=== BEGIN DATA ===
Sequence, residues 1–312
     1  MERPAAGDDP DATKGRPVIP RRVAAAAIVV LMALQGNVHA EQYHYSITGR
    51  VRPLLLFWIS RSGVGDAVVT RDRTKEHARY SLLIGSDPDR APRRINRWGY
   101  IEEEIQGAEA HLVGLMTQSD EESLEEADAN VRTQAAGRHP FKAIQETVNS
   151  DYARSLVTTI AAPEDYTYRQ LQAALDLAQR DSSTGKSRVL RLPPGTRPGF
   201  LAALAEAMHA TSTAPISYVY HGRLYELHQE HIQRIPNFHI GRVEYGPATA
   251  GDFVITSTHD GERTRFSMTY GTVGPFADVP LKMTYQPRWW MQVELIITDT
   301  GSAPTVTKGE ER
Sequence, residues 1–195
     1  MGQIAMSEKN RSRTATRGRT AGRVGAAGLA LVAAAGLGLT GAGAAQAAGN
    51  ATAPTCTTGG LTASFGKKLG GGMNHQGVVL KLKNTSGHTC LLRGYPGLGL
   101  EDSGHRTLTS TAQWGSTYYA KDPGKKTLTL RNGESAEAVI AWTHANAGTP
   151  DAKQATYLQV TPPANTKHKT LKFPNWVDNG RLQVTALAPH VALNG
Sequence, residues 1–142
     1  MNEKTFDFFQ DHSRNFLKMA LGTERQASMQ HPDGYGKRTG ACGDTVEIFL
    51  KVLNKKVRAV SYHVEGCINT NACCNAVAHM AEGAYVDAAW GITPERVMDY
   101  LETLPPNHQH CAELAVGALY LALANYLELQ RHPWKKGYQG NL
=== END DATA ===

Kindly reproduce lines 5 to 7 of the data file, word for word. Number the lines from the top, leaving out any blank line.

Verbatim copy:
   151  DYARSLVTTI AAPEDYTYRQ LQAALDLAQR DSSTGKSRVL RLPPGTRPGF
   201  LAALAEAMHA TSTAPISYVY HGRLYELHQE HIQRIPNFHI GRVEYGPATA
   251  GDFVITSTHD GERTRFSMTY GTVGPFADVP LKMTYQPRWW MQVELIITDT